Well, bugger all. I have lost my grandmother's engagement diamond. When I graduated from high school an alarming 11 years ago, she came to the ceremony with my parents and handed me a gift bag afterward, asking me to open it later when we were all at lunch. I ran around embracing people, carelessly swinging the bag from my wrist. Mom stayed a pace behind me, grimly guarding the bag, and finally took it back from me - "You're making me too nervous," she said. When I finally opened it I saw why: They'd gotten Gran's engagement diamond reset into a new ring, flanked by sapphires (my birthstone), with a classically pretty sort of curlicue design in gold. It sounded like Mom and Gran had had a ball shopping together for settings, and Gran seemed pleased to be handing it on. "Never take it off," she said, "or you'll lose it. I always lose jewelry by just setting it down somewhere."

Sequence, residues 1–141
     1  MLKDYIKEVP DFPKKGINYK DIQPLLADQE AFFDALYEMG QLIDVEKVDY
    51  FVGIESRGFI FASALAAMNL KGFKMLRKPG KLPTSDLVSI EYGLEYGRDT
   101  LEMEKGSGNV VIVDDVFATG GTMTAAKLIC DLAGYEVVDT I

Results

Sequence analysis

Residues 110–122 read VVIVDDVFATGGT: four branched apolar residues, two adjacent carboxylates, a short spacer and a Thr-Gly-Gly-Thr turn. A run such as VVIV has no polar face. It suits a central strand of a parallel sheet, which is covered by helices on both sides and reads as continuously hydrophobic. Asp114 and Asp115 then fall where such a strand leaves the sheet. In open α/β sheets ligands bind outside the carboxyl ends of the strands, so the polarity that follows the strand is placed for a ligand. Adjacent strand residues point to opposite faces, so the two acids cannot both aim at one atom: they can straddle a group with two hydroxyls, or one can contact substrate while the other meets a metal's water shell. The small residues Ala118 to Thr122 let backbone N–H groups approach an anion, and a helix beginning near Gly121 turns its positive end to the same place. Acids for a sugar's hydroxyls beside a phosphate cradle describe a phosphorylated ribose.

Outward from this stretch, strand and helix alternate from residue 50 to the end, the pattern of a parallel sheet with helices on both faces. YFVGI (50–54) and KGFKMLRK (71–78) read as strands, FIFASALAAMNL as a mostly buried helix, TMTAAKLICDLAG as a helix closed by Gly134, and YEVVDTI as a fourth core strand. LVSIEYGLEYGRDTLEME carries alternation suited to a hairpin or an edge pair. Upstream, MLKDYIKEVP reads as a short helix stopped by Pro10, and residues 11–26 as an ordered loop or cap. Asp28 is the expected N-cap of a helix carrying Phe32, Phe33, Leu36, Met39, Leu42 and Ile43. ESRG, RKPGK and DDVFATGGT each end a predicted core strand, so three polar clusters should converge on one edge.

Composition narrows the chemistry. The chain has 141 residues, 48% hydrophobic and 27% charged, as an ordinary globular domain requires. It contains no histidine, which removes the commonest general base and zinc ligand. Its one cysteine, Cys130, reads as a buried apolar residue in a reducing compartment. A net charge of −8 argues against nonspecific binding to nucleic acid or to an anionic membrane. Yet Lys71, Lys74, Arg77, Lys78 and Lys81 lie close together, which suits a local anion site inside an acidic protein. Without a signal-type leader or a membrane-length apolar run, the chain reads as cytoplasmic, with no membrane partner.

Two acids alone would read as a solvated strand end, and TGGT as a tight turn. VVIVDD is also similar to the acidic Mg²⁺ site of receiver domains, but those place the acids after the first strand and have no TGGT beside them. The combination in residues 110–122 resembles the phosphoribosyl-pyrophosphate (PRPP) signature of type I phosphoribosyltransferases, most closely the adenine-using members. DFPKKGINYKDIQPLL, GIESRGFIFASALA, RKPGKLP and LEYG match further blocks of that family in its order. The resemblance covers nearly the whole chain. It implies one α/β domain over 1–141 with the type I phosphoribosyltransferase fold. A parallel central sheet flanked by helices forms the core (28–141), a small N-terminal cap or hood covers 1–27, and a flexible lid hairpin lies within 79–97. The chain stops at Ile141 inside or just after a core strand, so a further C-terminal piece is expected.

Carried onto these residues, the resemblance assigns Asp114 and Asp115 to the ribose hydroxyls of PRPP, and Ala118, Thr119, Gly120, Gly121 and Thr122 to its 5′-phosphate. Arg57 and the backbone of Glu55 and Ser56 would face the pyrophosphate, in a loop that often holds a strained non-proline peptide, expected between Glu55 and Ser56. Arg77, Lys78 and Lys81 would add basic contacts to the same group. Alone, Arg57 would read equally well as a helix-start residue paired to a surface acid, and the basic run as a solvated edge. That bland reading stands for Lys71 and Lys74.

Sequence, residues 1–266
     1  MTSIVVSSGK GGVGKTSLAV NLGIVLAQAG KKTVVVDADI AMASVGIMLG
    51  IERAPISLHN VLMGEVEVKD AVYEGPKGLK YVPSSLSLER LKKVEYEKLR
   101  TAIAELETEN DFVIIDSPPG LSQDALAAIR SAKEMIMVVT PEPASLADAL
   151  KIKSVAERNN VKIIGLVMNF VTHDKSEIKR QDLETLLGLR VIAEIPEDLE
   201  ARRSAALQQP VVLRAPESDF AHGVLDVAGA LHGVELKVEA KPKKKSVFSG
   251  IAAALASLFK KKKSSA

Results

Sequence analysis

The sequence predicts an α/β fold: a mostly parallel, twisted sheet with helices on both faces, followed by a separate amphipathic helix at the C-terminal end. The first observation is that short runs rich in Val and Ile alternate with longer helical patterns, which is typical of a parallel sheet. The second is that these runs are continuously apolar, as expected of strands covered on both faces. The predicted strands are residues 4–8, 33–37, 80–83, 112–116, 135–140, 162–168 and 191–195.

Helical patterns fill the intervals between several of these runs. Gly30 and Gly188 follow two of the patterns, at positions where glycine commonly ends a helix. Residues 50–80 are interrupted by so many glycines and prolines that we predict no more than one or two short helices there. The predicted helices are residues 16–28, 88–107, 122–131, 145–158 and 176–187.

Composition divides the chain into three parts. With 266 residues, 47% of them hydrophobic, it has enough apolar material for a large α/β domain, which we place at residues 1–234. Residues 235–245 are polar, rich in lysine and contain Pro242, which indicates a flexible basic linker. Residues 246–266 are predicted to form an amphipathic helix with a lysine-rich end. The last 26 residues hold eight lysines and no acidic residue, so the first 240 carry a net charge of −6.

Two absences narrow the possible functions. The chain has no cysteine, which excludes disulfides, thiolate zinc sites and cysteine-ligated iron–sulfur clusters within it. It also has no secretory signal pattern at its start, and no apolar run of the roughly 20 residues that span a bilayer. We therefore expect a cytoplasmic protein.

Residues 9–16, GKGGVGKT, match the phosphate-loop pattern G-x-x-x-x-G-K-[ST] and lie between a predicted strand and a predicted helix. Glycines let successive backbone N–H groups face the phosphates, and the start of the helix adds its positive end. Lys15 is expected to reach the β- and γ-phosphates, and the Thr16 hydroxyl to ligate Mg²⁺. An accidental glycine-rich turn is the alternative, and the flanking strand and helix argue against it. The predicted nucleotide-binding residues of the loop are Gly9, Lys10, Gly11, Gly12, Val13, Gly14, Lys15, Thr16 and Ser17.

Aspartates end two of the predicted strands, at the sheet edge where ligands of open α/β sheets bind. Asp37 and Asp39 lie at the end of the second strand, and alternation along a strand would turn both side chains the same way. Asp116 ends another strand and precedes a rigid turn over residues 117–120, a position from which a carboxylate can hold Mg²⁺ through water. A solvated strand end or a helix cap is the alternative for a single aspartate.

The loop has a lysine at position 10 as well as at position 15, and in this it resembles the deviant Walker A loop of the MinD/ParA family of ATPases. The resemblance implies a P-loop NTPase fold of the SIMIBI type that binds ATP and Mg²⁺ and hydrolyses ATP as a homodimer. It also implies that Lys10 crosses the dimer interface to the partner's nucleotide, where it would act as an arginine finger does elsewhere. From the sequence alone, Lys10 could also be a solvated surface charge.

I remember looking at it with sort of a sinking heart; my favorite items of jewelry were woven beaded necklaces and a plastic-encased butterfly wing pendant from a nature store. This diamond solitaire was not really my thing. But I wore it every day from then on. I took it off for two trips to Europe (for the first trip it went in a safety-deposit box; the second trip I was a bachelorette living alone, and I put it in the crisper drawer of the fridge before leaving) and to swim in the ocean, and that was it. Gradually I started to feel I was growing into it. Mom's graduation gift was an antique guardian-angel pendant, and after a few semesters of college - where everyone wore beaded necklaces - my only jewelry was the pendant, the ring and silver hoops in my ears. (We will not speak of the navel-ring interlude.) It was my way of wearing three generations, the four hoops in my ears being completely my own. When Gran died two years ago, I looked at her ring a lot. I had almost stopped noticing it, and after her death it took on extra importance. She left us a little money, and Mom gave me a couple of her old calling cards she found cleaning out the house, but the main thing I had from her was the diamond. After giving it to me, she'd told me, laughing, that my grandfather actually waited to give it to her until after they were married. He'd been afraid she'd take the diamond and run off, she said. So the Valentine's Day after their wedding, he gave her a box of chocolates and a diamond ring, which she figured was costume jewelry and tossed into the trash. "He was so mad! He said 'Get that back out!'" she said. It did still look like an engagement ring, even with the new setting; I sometimes switched hands if I was going out alone and wanted to avoid being bothered. And I wondered, in the back of my mind, if I'd want any future fiances to get me a matching one. Having a diamond engagement ring has never seemed important, but then there'd always be this other one on my other hand, silently telling the diamondless ring "I'm fancier than you."